A hands-on tool to help smart growth activists reach out to union leaders based on working-families' self-interest.
A comprehensive summary and database of 122 state performance audits of economic development programs of the last decade.
How suburban sprawl reduces opportunity for low-skill workers and contributes to the geographic concentration of poverty, and how smart growth policies could reverse those trends.
A case study of a fringe-suburban industrial park that used tax increment financing to lure 29 companies, relocating 1,600 jobs mostly away from the urban core. Includes impact analyses based on race, poverty, welfare and transit access.
An analysis of 525 economic development deals made possible by Minnesota's first-in-the-nation subsidy disclosure law, which found almost half the subsidized companies paying 20% or more below-market wages.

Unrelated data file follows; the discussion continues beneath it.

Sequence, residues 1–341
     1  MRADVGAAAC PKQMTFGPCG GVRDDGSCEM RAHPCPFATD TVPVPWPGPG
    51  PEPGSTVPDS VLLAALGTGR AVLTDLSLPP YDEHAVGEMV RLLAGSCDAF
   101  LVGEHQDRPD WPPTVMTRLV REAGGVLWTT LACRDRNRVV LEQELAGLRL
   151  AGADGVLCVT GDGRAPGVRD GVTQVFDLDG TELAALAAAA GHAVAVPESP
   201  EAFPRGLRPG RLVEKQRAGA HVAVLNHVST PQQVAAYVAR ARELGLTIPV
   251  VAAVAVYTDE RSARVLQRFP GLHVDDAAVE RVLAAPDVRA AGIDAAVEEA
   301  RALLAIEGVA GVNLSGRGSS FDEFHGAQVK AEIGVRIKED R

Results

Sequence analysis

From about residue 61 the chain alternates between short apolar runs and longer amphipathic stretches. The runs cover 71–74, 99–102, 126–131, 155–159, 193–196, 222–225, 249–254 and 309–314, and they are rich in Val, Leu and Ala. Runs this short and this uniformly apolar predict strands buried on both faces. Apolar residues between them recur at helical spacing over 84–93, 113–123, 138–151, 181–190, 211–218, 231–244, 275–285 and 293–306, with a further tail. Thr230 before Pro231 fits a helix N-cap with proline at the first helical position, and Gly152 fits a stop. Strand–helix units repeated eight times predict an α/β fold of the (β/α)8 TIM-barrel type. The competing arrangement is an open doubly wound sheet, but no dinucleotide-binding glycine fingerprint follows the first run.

No More Candy Store is the original compilation of grassroots remedies for corporate welfare abuse -- remedies like money-back guarantee "clawbacks," requirements that subsidized companies pay fair wages and benefits, rules for full disclosure, environmental protection and "anti-piracy" safeguards against "paying Peter to rob Paul" with taxpayers money. Verbatim passages from all of the nation's best state and local laws and contracts, ready-made for activists, legislators and anyone seeking to make economic development subsidies accountable.